In 1987, Rossington organized The Lynyrd Skynyrd Tribute Band, a planned one-gig effort that ultimately toured for three years with Van Zant’s brother, Johnny, handling vocals, and Collins – who could not perform due to partial paralysis after a 1986 car crash – serving as musical director (he died in January, 1990, from chronic pneumonia). The group recorded new material for Lynyrd Skynyrd 1991 and continued to tour and release albums using the band’s original name; this fall, it is scheduled to tour with ZZ Top. In recent years, Rossington’s participation was limited by his health and he last appeared onstage with the band in February.
Circa 2002, the Gibson Custom Shop created a signature Les Paul based on Berneice and another based on the “Free Bird” SG. Word of Rossington’s passing brought remembrances from fans worldwide, including guitarists who had worked with and were influenced by Skynyrd.
“I was fortunate to have grown up in Jacksonville, playing music with influences like the Allman Brothers and other local bands,” guitarist Jeff Carlisi, co-founder of 38 Special, told VG. “The One Percent was one such band. I remember going to see them at teen clubs and marveling at how special they were, even in their infancy. They played mostly songs from bands like the Illinois Speed Press and Free. We all thought that they wrote these songs only to find out that they were covers (laughs); those were some influences in their musical DNA. As a result, Gary developed a smooth style of playing with impeccable tone, vibrato, and a broad knowledge of the British sound, as well as Americana.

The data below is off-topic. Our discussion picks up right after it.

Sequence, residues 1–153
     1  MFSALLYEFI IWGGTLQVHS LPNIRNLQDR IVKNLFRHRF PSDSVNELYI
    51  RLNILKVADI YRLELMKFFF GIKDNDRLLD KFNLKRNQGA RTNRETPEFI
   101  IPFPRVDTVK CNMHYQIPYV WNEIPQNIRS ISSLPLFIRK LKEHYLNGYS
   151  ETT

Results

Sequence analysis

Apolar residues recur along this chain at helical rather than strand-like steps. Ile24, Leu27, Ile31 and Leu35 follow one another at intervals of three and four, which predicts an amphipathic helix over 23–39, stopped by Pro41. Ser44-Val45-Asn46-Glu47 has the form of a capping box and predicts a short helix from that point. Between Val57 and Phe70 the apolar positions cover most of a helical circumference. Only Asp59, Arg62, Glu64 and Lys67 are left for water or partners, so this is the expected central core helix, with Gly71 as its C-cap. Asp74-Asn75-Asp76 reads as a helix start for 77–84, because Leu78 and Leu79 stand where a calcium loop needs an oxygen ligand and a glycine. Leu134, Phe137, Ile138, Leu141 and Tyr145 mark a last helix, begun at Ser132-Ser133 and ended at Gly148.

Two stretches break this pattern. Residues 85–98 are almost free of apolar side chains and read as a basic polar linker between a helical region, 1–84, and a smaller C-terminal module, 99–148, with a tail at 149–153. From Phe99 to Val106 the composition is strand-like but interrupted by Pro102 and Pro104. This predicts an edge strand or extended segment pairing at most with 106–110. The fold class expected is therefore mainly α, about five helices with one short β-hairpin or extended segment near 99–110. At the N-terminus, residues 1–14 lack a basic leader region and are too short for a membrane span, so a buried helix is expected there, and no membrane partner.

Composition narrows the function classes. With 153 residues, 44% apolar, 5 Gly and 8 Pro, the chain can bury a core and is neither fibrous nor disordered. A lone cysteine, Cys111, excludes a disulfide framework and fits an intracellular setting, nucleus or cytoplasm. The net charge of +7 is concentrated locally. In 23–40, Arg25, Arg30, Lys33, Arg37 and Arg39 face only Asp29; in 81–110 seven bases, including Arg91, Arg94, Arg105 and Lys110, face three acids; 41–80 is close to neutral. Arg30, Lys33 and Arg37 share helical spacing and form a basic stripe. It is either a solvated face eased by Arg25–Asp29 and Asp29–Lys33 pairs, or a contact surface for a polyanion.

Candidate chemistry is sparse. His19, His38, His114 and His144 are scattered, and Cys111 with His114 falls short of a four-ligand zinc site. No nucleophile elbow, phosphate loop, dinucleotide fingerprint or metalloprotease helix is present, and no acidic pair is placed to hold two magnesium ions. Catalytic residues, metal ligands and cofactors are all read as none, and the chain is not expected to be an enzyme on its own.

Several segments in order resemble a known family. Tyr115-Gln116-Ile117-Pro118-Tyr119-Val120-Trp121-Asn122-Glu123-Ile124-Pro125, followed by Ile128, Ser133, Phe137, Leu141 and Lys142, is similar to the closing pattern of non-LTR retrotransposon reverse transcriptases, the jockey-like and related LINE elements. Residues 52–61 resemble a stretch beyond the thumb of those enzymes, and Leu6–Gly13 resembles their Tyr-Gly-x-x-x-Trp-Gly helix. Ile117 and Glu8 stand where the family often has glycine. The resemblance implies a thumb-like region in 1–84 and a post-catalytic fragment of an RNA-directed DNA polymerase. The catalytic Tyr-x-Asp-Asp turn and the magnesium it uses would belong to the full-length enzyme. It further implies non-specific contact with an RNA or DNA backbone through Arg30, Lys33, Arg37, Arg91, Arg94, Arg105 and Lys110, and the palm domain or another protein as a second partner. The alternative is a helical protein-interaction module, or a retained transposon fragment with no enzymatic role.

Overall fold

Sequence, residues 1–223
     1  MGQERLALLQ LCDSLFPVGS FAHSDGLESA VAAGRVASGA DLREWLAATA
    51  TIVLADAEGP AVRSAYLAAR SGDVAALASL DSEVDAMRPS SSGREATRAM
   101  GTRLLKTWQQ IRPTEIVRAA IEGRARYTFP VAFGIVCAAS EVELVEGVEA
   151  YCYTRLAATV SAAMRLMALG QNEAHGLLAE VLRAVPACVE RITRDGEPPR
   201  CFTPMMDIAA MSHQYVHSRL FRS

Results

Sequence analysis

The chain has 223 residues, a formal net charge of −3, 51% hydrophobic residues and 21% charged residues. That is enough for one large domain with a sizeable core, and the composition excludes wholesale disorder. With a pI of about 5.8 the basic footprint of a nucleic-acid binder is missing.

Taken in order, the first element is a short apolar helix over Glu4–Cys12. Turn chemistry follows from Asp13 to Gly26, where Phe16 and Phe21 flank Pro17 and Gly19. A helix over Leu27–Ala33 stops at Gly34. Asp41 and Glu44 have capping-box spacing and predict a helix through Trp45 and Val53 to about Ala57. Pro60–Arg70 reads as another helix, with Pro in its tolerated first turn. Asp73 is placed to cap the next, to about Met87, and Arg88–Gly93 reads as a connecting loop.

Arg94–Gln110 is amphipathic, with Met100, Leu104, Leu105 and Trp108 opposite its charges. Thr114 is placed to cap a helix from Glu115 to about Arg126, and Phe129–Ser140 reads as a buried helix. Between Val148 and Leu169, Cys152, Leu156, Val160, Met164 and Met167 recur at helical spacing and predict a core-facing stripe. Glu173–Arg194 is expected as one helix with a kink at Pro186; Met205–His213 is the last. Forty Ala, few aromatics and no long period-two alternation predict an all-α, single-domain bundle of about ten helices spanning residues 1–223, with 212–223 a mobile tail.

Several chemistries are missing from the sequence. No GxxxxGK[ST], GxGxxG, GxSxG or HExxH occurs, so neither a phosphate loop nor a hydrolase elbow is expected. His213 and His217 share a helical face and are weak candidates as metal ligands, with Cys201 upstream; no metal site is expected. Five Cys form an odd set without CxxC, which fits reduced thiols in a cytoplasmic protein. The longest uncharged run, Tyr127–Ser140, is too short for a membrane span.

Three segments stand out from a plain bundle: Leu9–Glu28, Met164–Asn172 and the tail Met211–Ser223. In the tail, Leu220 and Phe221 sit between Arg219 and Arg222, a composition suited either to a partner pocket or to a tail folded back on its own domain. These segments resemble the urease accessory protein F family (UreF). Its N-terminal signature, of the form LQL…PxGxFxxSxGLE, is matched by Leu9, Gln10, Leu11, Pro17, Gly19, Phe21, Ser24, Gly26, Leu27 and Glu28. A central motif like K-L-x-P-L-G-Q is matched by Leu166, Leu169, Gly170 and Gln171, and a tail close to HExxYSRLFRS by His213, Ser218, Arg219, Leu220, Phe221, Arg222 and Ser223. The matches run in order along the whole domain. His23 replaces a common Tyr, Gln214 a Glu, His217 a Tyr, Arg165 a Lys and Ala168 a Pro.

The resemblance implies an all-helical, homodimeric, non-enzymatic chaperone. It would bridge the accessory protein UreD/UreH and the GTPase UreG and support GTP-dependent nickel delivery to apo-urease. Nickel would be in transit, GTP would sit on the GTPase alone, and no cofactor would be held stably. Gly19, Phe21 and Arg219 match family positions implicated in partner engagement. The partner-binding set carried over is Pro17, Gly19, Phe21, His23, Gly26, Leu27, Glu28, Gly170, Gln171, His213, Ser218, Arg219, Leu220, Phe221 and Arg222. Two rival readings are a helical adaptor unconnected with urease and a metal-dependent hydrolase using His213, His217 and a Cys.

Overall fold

“Gary was a friend and a mentor to me, and an inspiration to all of us,” Carlisi added. “He could play it ‘pretty’ with understated elegance, and could also rip it raw and bluesy. He was as brilliant a songwriter as he was a guitar player. If someone were to ask me what performances defined Gary, number one would have to be the iconic slide guitar theme to ‘Free Bird.’ Second, his solo in ‘Don’t Ask Me No Questions’ is a classic. His playing on ‘Tuesday’s Gone’ is filled with emotion that still makes me cry. Finally, Gary’s playing on ‘Mr. Banker’ is as good a blues as ever came out of the Delta. His legacy will last forever and is defined by an era of music that was original and unique and truly Southern.”